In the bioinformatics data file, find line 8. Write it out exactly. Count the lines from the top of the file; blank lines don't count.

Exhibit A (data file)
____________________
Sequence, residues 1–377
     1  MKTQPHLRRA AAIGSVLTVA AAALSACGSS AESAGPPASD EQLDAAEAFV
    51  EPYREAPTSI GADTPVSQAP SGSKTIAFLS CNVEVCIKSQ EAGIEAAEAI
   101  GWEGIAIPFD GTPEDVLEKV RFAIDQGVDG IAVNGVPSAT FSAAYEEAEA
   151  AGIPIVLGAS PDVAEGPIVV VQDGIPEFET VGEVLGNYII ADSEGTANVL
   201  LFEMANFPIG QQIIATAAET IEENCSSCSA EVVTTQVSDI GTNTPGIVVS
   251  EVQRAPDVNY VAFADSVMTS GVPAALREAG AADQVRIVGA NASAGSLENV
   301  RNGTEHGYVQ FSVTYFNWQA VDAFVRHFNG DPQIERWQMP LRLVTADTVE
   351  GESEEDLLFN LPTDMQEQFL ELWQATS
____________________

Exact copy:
   301  RNGTEHGYVQ FSVTYFNWQA VDAFVRHFNG DPQIERWQMP LRLVTADTVE